Lesson No. 3:

Reclamation of Abandoned Mine Land by Re-Mining
Background Information in Preparation for Arbor Day 2011

This lesson plan is provided to assist students participating in the Arbor Day planting event understand the various steps involved in the mining and reclamation process.

Kopper Glo Fuel, Inc. will host the Arbor Day 2011 event at its Tackett Creek Surface Mine #2 in Claiborne County, Tennessee.  Students at Clairfield and White Oak Elementary Schools will establish indoor American chestnut nurseries in their classrooms in early 2011 and then transplant them at the planting event in April.  In addition to their potted American chestnut seedlings, students will also be planting bare-root seedlings of various species provided by Kopper Glo Fuel and the Tennessee Mining Association.

Most coal seams in Tennessee were strip mined to remove easily accessible coal under low cover prior to enactment of the  Surface Mining Control and Reclamation Act of 1977 (SMCRA).  Pre-SMCRA mining was often done with little regard to protecting the environment, because potential long-term impacts were unknown at that time.  Landowners did as they saw fit on their property.  This resulted in exposed highwalls, open pits, steep spoil banks, uncontrolled surface runoff, and significant erosion.  Mining at Tackett Creek Surface Mine #2 is being performed by re-mining coal that remains from such pre-SMCRA mining activities.

Example of exposed highwall from pre-SMCRA
mining at site of Tackett Creek Surface Mine #2
prior to re-mining by Kopper Glo Fuel

Four coal seams are being re-mined at the site as follows:

bulletCoal Creek seam, which averages 34 inches thick
bulletCoal Creek Rider seam, which averages 14 inches thick
bulletBlue Gem seam, which average 32 inches thick
bulletBlue Gem Rider seam, which averages 13 inches thick

Whereas pre-SMCRA mining was done with little regard to the environment, modern mining is done with protection of the environment as an integral part of the process.  Long before the start of mining, water and overburden sampling is performed to provide data for design of the mining plan.  A sequence of activities is developed to control runoff and sediment throughout the mining and reclamation process after consultation with the U.S. Army Corps of Engineers, U.S. Fish and Wildlife, U.S. Natural Resources Conservation Service, Tennessee Wildlife Resources Agency, Tennessee Division of Natural Heritage, and Tennessee Historical Commission.  These plans must be reviewed and approved by the U.S. Army Corps of Engineers, the U.S. Office of Surface Mining (OSM), and the Tennessee Department of Environment and Conservation (TDEC).  At the Tackett Creek Surface Mine #2, planning and preparation of a mine permit application is performed by Mark V Mining and Engineering, Inc., working as a consultant to Kopper Glo Fuel.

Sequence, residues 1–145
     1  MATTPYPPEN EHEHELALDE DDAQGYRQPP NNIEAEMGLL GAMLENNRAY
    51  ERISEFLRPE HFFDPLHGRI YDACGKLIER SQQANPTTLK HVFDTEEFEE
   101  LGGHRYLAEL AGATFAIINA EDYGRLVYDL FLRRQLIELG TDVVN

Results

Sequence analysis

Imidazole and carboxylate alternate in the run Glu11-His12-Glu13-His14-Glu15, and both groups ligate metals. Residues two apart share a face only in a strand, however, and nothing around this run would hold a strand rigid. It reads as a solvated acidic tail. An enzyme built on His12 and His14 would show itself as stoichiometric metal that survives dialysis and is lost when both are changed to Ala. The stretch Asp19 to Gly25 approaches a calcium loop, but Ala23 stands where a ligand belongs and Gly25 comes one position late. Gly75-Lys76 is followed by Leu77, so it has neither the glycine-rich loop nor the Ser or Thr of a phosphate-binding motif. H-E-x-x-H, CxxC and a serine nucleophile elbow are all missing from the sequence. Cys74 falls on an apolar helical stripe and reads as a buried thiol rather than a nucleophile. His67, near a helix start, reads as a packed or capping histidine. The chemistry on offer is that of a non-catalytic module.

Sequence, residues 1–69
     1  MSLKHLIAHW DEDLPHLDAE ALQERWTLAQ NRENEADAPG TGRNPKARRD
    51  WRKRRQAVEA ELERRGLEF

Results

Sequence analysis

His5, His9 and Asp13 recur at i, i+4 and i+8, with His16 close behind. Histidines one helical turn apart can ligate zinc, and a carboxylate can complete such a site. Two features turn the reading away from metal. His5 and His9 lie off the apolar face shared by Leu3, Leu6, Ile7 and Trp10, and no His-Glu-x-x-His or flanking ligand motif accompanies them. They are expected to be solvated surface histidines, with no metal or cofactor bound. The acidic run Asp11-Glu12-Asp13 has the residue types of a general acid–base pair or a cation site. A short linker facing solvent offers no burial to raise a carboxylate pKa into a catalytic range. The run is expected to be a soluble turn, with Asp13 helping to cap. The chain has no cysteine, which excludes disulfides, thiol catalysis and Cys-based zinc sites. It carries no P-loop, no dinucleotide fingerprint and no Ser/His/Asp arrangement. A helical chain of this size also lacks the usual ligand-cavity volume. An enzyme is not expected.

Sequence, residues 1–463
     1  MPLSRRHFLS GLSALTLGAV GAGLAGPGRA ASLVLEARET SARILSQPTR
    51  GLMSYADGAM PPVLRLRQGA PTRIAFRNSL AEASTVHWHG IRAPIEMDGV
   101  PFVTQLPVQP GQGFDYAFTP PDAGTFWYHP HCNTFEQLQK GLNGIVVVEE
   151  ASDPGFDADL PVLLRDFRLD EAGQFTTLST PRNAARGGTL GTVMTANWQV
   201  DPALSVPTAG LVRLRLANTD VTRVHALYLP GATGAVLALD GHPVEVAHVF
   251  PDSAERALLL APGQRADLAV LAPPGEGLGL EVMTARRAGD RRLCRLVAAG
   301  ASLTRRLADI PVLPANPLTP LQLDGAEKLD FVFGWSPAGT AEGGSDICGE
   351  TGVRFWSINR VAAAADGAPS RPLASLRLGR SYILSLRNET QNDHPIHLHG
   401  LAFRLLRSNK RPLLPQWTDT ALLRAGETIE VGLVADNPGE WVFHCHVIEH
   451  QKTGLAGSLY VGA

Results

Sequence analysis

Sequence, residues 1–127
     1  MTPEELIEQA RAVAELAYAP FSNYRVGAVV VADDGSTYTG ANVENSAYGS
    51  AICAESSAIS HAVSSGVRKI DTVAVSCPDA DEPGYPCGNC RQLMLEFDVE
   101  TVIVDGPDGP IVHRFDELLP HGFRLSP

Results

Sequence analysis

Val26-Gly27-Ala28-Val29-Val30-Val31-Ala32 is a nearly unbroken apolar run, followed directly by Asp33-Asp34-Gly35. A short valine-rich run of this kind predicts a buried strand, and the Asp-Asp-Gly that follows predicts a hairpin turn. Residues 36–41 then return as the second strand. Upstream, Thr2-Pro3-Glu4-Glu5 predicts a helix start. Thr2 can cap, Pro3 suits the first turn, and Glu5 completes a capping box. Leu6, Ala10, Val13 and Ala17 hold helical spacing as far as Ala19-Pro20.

Re-mining at the site is done by both surface mining and highwall (auger) mining where coal is removed from beneath an exposed highwall without disturbing the land above it.   Highwall mining can rarely be performed beneath a pre-SMCRA highwall due to safety concerns and space limitations.  A rockfall from a ragged, pre-SMCRA highwall could damage highwall mining equipment and injure operators; thus, a second cut is required to expose a fresh, unweathered highwall prior to coal removal by highwall mining in accordance with safety standards of the U.S. Mine Safety and Health Administration.  Also, highwall mining equipment typically requires a minimum 100-foot wide bench from which to operate.   

The sequence of re-mining and reclamation is illustrated in the following photographs and cross-sections for the Blue Gem and Blue Gem Rider seams.  A similar sequence is also applicable for mining of the Coal Creek and Coal Creek Rider seams located approximately 350 feet in elevation below the Blue Gem seam.

Step 1. Cross-sectional view of conditions prior to re-mining showing proposed access
road, drainage control, and excavation to create a stable highwall and recover coal in the
Blue Gem Rider and Blue Gem seams.

Ditches route runoff to sediment basins for runoff
and erosion control.  Water quality is monitored
to verify compliance with permitting standards.

After blasting, overburden above the coal is removed
and trucked to backfill adjacent areas of the mine.


Coal is removed and loaded into trucks for transport to a crusher.  After crushing, the
surface-mined coal is loaded directly on railroad cars for transport to the customer.

Step 2.  Cross-sectional view of conditions after a stable highwall and bench are created by
surface mining.  A highwall mining machine is then used to auger coal from the Blue Gem seam